FINE AS WINE
Aussie Nigel Zweck creates a buzz at The Ritz.
Nigel Zweck, the 26-year-old banquet director for The Ritz-Carlton, Sarasota, says you can’t take the country out of a country boy. Exhibit A: his R.M. Williams boots, adopted while growing up on his family’s farm in South Australia. “They are very high quality boots made from one piece of leather,” says Zweck. They’re also the perfect accessory for this single, six-foot-six, heartthrob/sommelier, who began his career at the Sydney, Australia Ritz as wine director, transferred to the San Francisco Ritz and finally landed in Sarasota. Here, wine connoisseurs are buzzing over his additions to the hotel list, especially boutique vintages from smaller vineyards the world over. What brought you to Sarasota? Career needs. This hotel has a lot of potential for growth. How do our beaches compare to Australia’s? I used to surf every day in Australia, but the water is freezing in San Francisco. The water is warmer in Sarasota, but there aren’t any waves. So after moving my surfboard all around the world, I’ve only been surfing once since moving to the United States. Explain your affinity for wine. My family has a property near the Clare Valley. I love the agricultural aspect of wine making, and of course, the joy of enjoying it. Your personal favorite? Any wine from Australia, of course, but it would have to be St. Hallet’s “Old Block” Shiraz, 1994, from the Barossa Valley.-Pat Haire
Bob Richardson has a 40-year career in Sarasota as a commercial realtor and community supporter. As president of The Downtown Alliance, the newly reconstituted Downtown Association, he isn’t shy about pointing out what he believes Sarasota’s downtown needs.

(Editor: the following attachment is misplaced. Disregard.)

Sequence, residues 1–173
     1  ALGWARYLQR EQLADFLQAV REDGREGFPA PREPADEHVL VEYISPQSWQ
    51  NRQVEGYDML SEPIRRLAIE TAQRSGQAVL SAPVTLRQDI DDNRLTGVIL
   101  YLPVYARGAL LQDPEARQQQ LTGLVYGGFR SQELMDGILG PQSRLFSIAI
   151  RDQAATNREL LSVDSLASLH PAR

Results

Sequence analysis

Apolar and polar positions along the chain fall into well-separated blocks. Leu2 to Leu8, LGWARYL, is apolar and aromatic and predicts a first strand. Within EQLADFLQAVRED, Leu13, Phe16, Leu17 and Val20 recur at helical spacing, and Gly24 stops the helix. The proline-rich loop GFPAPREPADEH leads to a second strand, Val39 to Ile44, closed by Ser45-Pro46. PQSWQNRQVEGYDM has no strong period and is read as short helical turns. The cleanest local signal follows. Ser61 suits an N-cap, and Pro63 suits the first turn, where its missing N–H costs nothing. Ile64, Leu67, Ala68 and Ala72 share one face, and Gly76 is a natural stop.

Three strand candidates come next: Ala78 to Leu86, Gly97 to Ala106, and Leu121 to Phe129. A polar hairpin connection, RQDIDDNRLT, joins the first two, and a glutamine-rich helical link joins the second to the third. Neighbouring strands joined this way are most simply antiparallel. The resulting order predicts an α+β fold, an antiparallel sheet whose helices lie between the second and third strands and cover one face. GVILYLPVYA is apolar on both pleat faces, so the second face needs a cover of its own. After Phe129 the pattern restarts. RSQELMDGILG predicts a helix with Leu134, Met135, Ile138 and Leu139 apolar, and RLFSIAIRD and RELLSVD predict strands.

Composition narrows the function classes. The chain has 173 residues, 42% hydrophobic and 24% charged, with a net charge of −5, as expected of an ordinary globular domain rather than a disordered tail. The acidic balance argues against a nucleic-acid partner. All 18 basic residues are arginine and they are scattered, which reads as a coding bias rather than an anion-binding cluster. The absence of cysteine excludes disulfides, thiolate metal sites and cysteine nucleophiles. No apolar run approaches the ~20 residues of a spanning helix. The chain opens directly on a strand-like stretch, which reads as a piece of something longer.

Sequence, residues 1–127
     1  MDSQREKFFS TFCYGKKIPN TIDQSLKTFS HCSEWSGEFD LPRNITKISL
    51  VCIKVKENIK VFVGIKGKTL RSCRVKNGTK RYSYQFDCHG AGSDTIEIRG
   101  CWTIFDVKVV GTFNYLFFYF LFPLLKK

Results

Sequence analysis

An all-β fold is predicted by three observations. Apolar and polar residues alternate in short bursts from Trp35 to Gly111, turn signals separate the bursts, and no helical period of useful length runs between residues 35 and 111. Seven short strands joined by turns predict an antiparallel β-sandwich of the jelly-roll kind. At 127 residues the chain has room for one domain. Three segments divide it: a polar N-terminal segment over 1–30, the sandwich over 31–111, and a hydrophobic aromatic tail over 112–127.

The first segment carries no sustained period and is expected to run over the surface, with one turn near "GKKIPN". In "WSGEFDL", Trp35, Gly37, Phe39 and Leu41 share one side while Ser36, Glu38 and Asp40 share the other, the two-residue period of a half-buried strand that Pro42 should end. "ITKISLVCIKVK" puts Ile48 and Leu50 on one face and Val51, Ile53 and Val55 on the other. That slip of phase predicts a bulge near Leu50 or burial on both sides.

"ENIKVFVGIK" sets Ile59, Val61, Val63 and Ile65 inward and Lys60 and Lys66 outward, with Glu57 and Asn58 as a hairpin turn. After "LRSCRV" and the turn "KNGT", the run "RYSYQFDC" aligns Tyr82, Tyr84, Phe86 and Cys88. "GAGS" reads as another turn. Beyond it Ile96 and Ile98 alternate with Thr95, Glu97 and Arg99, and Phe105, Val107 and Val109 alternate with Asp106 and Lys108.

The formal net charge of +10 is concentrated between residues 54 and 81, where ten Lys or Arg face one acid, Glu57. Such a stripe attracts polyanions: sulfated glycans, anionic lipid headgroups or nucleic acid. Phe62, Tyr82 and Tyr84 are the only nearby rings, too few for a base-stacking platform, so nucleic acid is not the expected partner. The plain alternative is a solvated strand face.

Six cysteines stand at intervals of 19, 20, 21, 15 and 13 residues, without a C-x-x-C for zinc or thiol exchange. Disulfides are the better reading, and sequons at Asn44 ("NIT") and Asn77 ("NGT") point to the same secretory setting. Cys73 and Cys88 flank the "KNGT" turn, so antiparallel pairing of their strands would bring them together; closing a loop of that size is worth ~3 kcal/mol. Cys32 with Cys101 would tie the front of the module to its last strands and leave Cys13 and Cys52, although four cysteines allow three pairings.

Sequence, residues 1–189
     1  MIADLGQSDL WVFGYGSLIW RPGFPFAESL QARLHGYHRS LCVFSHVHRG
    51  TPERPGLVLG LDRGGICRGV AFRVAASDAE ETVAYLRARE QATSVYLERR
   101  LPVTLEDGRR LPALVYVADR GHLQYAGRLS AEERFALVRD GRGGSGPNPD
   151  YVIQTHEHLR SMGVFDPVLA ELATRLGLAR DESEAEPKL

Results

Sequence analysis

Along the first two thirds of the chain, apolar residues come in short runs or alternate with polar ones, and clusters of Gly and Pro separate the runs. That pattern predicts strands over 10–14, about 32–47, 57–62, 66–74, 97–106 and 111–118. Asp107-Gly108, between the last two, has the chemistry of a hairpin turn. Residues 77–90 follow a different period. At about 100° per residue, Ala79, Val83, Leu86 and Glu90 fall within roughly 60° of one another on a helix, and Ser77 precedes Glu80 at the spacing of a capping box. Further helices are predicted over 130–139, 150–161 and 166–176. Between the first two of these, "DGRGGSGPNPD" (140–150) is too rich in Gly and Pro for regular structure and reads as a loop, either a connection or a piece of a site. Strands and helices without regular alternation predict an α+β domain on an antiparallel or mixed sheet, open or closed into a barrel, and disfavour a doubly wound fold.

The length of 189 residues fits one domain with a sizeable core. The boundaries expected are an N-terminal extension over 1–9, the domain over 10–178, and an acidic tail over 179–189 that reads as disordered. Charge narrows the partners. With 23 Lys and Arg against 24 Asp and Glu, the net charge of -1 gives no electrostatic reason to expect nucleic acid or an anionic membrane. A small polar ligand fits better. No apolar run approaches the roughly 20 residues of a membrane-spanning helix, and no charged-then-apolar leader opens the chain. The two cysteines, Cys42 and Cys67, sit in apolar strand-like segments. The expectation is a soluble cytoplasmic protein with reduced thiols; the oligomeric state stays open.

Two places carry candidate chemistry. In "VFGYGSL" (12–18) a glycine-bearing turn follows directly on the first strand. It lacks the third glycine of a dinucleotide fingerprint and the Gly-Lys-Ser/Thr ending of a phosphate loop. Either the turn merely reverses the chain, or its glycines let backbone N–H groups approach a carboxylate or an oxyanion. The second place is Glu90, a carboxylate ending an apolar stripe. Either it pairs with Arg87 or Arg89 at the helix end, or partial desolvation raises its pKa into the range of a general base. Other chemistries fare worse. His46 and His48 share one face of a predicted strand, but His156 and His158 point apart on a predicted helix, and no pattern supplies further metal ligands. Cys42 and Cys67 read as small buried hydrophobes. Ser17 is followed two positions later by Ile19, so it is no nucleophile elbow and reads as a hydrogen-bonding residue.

Q: What’s your favorite city?
A: I’ve been to Paris, London and I get to New York City often on business. But when you take into account all the amenities we have here-education, the arts and cultural life, public safety, health care, climate, physical beauty-it’s hard to beat Sarasota. Just the sunshine is a benefit since sunshine affects your mood and feeling about life.
Q: Your thoughts on the ever-controversial downtown noise ordinance?
A: If we could encourage a younger, more active crowd in our community it would be a great boost. The noise ordinance and, as importantly, the perception of it, hinder us somewhat.
Q: What motivated you to take on the Downtown Alliance?
A: A low I.Q. and a big ego. Seriously, I moved here from Hamilton, Ohio. When you’re born on the wrong side of the tracks, the best thing to do is get the hell out of town and reinvent yourself. Now I live on the 10th floor of Bay Plaza and look straight out Big Pass. Truly, Sarasota has physical beauty rare in the world. Our bay is one of the greatest physical assets possible. We’ve done some great things here without ever really breaking a sweat, and I’d love to see Sarasota break a sweat some time-where would that take us? Meanwhile, we continue to attract bright, wealthy people who can do anything they want and be wherever they want to be.
Q: What’s your primary goal as president of The Downtown Alliance?
A: I’d like to raise $200,000 a year for four years for the Downtown Partnership and leverage that to help downtown Sarasota reach its potential.
Q: What’s your biggest obstacle in achieving that?
A: The community’s doubt in itself and lack of realization that it should set and address goals.
Q: What should downtown do to become a magnet for locals and visitors?
A: Number one, they need to clean it up, because it’s dirty and unsightly. At night, they need to light it up bright and welcoming and ask the merchants to stay open a little longer. Some really good landscaping rather than these trees that cover the street lights would help, too. Mostly we need to stop asking government to do it all for us if we expect it to be done right. Merchants should take some responsibility, too, even in little things like keeping flowers in front of their business.
Q: What keeps you awake at night?
A: We have had so much for so long we argue about silly details and so far, we’ve gotten away with it. We have no crisis, so there’s no big rallying points. So we spend years arguing about our bus station or a bridge, years of being ugly to one another about the location of a new library. The best thing we could develop is community spirit so we’ll keep our focus and live up to our potential.-Bob Ardren